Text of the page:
(This is one in a series of blogs on frequently asked question that I posted on MySpace when I began that blog, later on my own site.)
I want to talk about the labels (figurative labels, not price stickers and such) that we put on books. Particularly the ones that relate to reading levels. As in, This one is for a teenager. This one is for an adult.
Like there’s such a huge difference.
Here’s my opinion in a nutshell: I think it’s all meaningless.
A few examples. When I wrote Pay It Forward, I intended it for adults. But the year after it was released, the American Library Association put it on its "Best Books for Young Adults" list. So now it’s YA. So now angry parents write to me and say, How can you put such smut in a teen book? "Well, sorry. Didn’t know." What I don’t say is, "Your teen is not shocked by that ’smut.’ That’s just you." I try to be polite.
Another example. I originally wrote Chasing Windmills to be YA. After all, it’s about two young people falling in love on the subway system under Manhattan in the middle of the night. What could be more YA than that? So I wrote it all from Sebastian’s point of view, and presented it to my YA editor (at Knopf) who liked it very much. But didn’t think it was YA. Hmm. I really thought it was. But I’ve been wrong before. So I rewrote it from both characters’ point of view. Adding Maria’s point of view will make it much more clearly adult, I thought (remember, I’ve been wrong before). I presented it to my adult editor (at Doubleday) who published it. Before it was even released Publisher’s weekly said, "While this is being billed as an adult novel, its closest stylistic relative is S.E. Hinton’s YA classic The Outsiders." And then it got a glowing review in School Library Journal, which classified it as High School/Adult. So, it crossed right over.
It’s official. I don’t know anything.
Or… Or…maybe there’s really nothing to know. Maybe the whole reading level thing is meaningless. Maybe the books are for who they’re for. Maybe they should be read by anyone and everyone they will speak to. And maybe age is the least important factor of all.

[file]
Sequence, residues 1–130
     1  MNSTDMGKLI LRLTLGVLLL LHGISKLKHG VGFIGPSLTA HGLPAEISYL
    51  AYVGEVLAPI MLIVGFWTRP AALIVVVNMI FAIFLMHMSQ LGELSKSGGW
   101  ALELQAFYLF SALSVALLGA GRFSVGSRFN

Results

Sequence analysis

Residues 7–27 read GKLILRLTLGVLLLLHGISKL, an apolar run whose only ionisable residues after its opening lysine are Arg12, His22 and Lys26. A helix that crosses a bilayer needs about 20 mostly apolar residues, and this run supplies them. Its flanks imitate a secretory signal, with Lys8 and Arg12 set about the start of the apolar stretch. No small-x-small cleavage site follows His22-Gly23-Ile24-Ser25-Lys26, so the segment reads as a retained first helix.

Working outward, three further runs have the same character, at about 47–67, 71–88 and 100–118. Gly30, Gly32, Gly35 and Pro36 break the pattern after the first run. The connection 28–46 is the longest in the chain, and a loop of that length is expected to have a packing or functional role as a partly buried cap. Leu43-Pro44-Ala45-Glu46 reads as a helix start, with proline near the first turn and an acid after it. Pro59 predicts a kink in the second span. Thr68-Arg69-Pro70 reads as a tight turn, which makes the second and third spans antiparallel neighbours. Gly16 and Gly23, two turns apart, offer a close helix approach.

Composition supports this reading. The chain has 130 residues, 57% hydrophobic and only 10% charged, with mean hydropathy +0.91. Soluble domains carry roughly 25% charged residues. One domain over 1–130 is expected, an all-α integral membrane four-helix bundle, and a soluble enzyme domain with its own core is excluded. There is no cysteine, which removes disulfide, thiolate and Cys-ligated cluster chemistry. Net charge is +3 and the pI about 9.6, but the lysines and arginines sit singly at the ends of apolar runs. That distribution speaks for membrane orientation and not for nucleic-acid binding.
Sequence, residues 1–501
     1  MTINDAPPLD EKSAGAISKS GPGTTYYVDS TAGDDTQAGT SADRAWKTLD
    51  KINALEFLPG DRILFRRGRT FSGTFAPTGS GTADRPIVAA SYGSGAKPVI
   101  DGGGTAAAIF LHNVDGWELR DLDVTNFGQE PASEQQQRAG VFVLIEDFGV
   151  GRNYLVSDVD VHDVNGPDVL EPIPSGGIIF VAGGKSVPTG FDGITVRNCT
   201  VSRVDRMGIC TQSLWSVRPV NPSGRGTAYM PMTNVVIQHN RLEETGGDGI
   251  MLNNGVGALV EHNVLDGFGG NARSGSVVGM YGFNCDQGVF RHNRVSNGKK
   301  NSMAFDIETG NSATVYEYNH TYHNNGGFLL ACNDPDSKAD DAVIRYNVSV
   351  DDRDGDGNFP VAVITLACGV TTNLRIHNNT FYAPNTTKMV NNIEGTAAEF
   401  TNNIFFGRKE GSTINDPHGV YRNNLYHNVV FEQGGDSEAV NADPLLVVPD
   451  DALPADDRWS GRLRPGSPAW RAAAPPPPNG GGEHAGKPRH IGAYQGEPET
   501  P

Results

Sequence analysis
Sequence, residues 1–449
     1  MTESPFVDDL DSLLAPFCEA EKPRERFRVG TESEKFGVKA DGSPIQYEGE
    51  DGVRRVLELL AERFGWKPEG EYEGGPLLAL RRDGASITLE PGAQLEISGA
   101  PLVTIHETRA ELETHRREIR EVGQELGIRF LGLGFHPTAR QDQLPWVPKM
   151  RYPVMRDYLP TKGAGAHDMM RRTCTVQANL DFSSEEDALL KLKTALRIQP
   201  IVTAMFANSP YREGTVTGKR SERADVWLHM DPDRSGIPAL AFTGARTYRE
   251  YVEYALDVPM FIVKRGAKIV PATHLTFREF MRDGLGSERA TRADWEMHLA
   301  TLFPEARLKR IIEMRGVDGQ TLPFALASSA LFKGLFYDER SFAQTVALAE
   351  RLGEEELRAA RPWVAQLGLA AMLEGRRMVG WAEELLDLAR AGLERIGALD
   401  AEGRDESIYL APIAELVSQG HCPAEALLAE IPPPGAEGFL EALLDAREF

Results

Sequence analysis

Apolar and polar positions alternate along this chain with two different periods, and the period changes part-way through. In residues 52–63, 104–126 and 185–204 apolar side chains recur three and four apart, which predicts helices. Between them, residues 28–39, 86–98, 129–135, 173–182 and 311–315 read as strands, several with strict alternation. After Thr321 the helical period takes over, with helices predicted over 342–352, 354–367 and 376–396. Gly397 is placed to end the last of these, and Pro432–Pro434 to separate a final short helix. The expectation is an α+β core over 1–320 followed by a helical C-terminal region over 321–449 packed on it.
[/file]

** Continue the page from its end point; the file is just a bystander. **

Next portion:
Grownups (I do not classify myself as one, despite the advanced age of my outsides) seem a lot more dense about this concept than teens. Teens know they’re mature enough and sophisticated enough to read adult fiction. But lots of adults don’t seem to get that teen fiction is a really great read for anyone. I got more groans and complaints from my adult readers because, after four years off from publishing, my first book out was YA (Becoming Chloe). "Oh, no," they said. "We’ve been waiting all this time for a new book. And now we hear you’re writing for children?" Excuse me? Children? Chloe is suitable for about 14 through adult. I would never put it in the hands of a child. It has more mature subject matter than three out of four of my adult books. When I finally convinced the grown-up fans to read it, they wrote back and said, "Wow. I never would have known this was YA.
Well, what do you think YA is, anyway?
When I was 14, my favorite book (and movie) was Midnight Cowboy. It’s a highly sophisticated reading level.
So, just a “FAQ” blog to help you get to know me. I’m an author, and I write both YA and adult books. I just have no idea which is which.
Causes Catherine Hyde Supports
The Pay It Forward Foundation, Marriage Equality (See Human Rights Campaign), the 350 movement to help ease global climate change, LandWatch San Luis Obispo...